The power of social media was noticed along with the influence of electronic media in shaping public opinion. During the lawyers movement against Pakistan’s formal military dictator General Musharraf, media reporting became a major factor of bringing various segments of Pakistani society together in opposing the military rule and supporting the deposed Chief Justice. One TV channel was banned for a short while and several anti-Musharraf blogs were also blocked. A fine example of cyber activism came about with the launch of various networks such as emergencypk among others.
During the emergency imposed in November 2007, social media provided the important link and bridge between various networks. However, this was also the time when the ancient regime of Pakistani state had to perforce acknowledge that ‘controlling’ public opinion was no longer possible in the information age. High levels of information sharing through mobile telephones, dozens of TV channels, newspapers, social media among others, made the repression of dissent next to impossible. Public discontent and of course the political mobilisation by major parties led to a retreat of the national security overlord and his eventual ouster in the months to follow.
Pakistan’s media has a long history of struggles against arbitrary regimes – civilian and military – and exemplary courage has been shown by the icons of yore. In the current age suppression has become difficult and perhaps a possibility beyond the capacity of the state.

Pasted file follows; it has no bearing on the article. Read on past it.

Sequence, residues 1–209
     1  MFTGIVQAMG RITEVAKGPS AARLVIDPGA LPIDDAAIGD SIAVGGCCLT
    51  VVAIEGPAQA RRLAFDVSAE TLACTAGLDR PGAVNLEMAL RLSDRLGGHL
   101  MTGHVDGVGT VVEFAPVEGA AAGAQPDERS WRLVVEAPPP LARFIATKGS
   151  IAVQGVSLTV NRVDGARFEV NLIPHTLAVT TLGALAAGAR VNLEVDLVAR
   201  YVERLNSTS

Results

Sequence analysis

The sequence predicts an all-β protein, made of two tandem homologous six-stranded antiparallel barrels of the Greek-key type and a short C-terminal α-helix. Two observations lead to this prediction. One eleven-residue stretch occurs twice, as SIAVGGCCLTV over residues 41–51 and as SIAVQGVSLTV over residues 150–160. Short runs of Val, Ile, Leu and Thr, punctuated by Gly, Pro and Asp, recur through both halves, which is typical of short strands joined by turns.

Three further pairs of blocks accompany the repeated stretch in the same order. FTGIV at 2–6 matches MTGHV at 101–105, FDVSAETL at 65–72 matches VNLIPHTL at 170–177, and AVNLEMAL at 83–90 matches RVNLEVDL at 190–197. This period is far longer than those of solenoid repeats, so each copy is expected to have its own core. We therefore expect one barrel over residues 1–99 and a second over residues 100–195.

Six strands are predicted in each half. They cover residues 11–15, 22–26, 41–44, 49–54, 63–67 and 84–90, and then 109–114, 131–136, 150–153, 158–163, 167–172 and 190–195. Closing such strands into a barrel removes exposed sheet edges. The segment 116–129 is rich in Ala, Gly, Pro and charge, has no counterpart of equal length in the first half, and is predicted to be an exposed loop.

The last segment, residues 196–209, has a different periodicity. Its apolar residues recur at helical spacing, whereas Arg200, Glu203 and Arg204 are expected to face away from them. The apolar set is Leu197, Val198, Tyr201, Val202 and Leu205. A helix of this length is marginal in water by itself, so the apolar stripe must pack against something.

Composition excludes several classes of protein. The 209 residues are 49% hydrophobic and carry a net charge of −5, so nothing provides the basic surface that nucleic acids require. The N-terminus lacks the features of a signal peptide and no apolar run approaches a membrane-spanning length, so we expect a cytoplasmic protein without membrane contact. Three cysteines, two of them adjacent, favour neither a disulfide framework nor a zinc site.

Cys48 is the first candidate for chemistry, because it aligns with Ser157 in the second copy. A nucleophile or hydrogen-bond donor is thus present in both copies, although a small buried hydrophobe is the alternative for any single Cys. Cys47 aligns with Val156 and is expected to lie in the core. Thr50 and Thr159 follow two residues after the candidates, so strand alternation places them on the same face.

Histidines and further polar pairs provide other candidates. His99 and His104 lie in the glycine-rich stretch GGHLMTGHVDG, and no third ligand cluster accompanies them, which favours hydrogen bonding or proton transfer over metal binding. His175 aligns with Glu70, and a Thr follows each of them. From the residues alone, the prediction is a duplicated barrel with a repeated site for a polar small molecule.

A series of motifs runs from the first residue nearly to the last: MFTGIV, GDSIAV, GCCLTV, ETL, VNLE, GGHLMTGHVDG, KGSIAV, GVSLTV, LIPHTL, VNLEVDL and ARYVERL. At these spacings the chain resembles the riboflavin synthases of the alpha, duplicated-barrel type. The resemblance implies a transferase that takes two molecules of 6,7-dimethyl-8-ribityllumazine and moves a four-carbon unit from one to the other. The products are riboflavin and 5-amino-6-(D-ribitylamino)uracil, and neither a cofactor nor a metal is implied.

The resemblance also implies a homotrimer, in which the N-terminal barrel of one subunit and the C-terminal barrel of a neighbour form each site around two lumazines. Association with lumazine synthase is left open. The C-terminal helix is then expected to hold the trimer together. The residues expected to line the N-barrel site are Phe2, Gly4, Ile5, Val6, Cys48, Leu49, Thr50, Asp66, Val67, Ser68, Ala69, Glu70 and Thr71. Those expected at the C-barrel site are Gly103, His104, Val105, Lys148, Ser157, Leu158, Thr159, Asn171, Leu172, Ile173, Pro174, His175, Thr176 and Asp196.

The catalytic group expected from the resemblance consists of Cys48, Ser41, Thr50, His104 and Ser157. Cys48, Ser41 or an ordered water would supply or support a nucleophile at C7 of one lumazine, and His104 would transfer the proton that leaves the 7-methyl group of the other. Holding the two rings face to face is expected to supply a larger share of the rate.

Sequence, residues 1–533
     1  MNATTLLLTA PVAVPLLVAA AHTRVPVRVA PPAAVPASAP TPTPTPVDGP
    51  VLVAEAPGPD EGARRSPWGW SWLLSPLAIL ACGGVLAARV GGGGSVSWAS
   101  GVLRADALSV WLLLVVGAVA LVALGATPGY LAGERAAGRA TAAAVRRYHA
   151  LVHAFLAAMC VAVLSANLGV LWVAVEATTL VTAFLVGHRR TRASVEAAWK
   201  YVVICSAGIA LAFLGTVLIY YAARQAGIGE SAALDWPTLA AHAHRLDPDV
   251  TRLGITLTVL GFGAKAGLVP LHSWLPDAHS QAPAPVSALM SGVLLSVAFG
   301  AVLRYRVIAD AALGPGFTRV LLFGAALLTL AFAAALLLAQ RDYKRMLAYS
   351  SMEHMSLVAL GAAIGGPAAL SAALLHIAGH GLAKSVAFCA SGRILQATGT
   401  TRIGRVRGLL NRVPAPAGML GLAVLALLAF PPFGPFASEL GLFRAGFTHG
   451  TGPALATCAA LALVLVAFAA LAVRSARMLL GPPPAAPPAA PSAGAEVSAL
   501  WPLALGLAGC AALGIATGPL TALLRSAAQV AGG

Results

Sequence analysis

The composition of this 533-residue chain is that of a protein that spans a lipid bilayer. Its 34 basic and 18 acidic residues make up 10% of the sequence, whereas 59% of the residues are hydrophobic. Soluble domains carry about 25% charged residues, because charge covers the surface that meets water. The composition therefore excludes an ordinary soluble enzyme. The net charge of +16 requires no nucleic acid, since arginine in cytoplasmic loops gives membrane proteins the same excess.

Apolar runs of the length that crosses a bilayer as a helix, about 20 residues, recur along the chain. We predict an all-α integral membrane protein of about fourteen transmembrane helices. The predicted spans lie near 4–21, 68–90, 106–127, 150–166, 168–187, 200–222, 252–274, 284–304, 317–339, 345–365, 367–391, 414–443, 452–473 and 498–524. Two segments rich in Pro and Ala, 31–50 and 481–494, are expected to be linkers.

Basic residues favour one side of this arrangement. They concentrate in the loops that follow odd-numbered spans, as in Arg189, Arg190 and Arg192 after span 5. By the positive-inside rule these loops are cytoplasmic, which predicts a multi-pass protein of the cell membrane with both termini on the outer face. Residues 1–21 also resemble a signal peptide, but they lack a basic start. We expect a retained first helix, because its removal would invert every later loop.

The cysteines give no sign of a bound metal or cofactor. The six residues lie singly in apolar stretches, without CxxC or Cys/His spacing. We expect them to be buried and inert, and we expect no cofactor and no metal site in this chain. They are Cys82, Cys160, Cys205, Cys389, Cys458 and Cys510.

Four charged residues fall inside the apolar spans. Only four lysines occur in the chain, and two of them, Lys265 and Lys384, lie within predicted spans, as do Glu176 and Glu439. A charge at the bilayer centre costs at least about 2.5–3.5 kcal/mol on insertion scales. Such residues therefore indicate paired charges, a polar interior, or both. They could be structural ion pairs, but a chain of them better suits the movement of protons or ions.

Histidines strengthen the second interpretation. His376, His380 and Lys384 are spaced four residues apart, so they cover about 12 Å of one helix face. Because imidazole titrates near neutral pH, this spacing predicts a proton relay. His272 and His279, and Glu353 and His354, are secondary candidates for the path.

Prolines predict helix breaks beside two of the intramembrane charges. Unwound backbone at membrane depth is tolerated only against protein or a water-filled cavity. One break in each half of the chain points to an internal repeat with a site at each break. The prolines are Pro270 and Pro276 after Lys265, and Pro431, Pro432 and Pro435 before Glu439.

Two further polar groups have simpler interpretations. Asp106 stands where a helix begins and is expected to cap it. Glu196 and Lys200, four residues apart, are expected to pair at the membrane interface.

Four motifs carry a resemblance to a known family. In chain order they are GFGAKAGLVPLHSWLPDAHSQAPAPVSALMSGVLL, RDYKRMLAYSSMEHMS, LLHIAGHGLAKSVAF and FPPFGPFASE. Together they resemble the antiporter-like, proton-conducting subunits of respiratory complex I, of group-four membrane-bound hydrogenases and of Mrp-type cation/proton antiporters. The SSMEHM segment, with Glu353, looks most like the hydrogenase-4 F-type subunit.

Instead media manipulation by corporate and state interests is more evident. This has led to the culture of ‘breaking news’ and selling the stereotype to achieve high ‘ratings’. There are accusations of overt political agendas in the TV programming routines. More than anything else, the mainstream electronic media indulges in self-censorship to maintain its nexus with power-centres in bargains for concessions and retaining patrimonial business empires.
However, the social media is relatively free of these constraints where a no-holds-barred culture of commenting prevails. Examples of this difference are aplenty: blogs have reported candidly on the military operations in Balochistan compared to the mainstream media. Similarly, radical critiques of Pakistan’s security policies are found on the blogs. In recent times, blogs are now overshadowed by the growing role of twitter where hundreds of thousands Pakistanis and South Asians engage and remark freely on issues related to Pakistan, the region and the globe.
This is the distinctive edge that the nascent social media enjoys. It is on the rise and has given voice to the otherwise marginalised youth of Pakistan. Incidentally two thirds of Pakistan’s population is under the age of 26. In the years to come, as Internet embeds into simple handsets, and Internet usage increases, an urbanised Pakistan and a dynamic social media will be major agents of socio-political transformation.
The writer is columnist, policy adviser and editor based in Lahore. He blogs at www.razarumi.com and also manages Pak Tea House and Lahorenama webzines.